Foreign Minister Marise Payne has said Australia is “very concerned” the arrest of two Canadians in China represents political retaliation by Beijing over the arrest of a senior Huawei executive on fraud allegations.
But Senator Payne has stopped short of joining Canada and the US in demanding the two men’s immediate release, despite warnings by foreign affairs experts that Australia needs to strongly back like-minded countries to stop political arrests of foreigners becoming normal behaviour by China.
Senator Payne’s comments followed the publication by 36 foreign policy scholars and China analysts calling on the Morrison government to speak out against the arrests of the two Canadian men, days after the US, Britain, Germany, France and the European Union had publicly backed Canada.
Michael Kovrig, a Canadian former diplomat who is now an adviser to the International Crisis Group and Michael Spavor, a Canadian businessman, have been detained on allegations of endangering Chinese national security.
But Canada believes the detentions are retaliation for the arrest in Canada of Chinese telecommunications giant Huawei’s chief financial officer Meng Wanzhou. Ms Meng faces possible extradition to the United States on fraud charges for circumventing American sanctions against Iran.
Senator Payne issued a statement on Sunday night expressing “concern” over the arrests of the Canadians.
She clearly indicated that while Canada was following proper process under the rule of law, China’s actions suggested political retaliation.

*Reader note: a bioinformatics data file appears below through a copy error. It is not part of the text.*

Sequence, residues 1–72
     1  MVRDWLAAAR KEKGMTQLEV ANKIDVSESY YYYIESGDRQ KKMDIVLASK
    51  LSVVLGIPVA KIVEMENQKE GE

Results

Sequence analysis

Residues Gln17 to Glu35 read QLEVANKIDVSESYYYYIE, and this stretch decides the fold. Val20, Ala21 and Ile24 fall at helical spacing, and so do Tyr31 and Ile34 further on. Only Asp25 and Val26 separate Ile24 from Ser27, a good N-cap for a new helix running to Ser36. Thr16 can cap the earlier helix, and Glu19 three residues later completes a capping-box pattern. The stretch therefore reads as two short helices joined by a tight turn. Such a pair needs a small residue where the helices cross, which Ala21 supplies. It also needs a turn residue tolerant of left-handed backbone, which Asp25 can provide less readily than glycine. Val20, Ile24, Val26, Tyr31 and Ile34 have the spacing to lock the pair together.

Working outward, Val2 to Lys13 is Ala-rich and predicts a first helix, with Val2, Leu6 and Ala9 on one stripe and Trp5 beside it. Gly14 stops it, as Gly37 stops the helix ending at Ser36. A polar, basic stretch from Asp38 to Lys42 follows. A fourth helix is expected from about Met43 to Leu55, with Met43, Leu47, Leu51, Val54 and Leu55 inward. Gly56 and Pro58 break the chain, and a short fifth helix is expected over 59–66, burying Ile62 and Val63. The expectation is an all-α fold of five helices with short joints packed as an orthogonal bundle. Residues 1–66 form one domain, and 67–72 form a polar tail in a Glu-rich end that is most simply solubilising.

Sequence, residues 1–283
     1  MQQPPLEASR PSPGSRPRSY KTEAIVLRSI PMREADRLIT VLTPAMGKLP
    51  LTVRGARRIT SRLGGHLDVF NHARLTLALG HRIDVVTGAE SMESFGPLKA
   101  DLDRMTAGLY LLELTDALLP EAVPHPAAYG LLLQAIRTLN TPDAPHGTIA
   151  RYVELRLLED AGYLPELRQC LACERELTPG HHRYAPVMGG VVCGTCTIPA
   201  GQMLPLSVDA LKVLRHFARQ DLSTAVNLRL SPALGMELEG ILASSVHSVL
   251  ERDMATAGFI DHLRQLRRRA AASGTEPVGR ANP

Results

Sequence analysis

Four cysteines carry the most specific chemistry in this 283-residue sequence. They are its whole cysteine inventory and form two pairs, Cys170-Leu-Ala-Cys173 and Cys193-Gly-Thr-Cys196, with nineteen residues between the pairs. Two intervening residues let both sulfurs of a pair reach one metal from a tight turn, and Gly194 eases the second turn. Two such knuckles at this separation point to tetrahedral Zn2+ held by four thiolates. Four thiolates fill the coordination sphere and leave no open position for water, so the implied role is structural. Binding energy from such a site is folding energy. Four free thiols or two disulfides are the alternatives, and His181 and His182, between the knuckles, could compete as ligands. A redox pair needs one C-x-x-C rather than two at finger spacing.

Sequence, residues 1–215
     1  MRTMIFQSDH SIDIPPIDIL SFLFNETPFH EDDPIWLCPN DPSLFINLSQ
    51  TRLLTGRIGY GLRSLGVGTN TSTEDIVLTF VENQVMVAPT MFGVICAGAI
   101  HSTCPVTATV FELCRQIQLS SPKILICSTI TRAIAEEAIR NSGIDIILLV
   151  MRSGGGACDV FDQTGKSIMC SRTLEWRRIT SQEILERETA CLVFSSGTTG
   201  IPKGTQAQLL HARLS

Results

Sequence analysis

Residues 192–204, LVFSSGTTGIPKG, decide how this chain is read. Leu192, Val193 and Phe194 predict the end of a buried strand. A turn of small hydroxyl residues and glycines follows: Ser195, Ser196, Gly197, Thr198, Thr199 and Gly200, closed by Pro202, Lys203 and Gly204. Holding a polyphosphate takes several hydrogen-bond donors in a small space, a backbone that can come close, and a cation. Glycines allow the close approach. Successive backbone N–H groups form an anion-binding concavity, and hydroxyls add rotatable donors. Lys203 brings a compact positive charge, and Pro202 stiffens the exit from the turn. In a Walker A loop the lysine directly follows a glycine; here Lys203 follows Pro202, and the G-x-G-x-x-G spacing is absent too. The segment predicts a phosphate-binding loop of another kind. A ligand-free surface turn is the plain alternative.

“The Australian government is concerned about the recent detention of two Canadian citizens in China,” she said.
“We would be very concerned if these cases were related to legal proceedings currently underway in Canada involving a Chinese citizen, Ms Meng Wanzhou.”
Britain, Germany and France all specifically demanded the Canadians be treated fairly and transparency under the rule of law, but Senator Payne’s statements did not include these words.
The open letter by experts urged the Australian government to support “without further delay” Canada’s call for the two men’s release.
China’s embassy in Canberra did not respond to requests for comment. But Beijing has previously accused Britain and Europe of double standards by speaking out against the Canadians’ detention but not the arrest of Ms Meng.
All of the countries backing Canada have pointedly stated they trust the fairness and independence of its judicial system.
One of the scholars who signed the letter, Rory Medcalf of the Australian National University’s National Security College, said he had been a “bit surprised” Australia had taken so long to speak up. If democracies did not publicly criticise such behaviour by Beijing, there was a risk it would become accepted, he said.
“It’s a game changer in China’s international behaviour – basically taking hostages as a tactic of statecraft,” he said.
“An underwhelming response by Australia and other democracies would only help normalise China’s outrageous use of hostage-taking as a tool of diplomacy.
“Next time it could be innocent Australian scholars or entrepreneurs being seized in this way, and we would want other democracies to be fulsome in their solidarity with us.”
Another top scholar and signatory to the letter, Lowy Institute executive director Michael Fullilove, said: “Australia should speak up clearly for its principles and for its friends.”
The open letter by experts represents a wide range of scholars including some not regarded as typical China critics, reinforcing the depth of negative views about Beijing’s conduct.
By David Wroe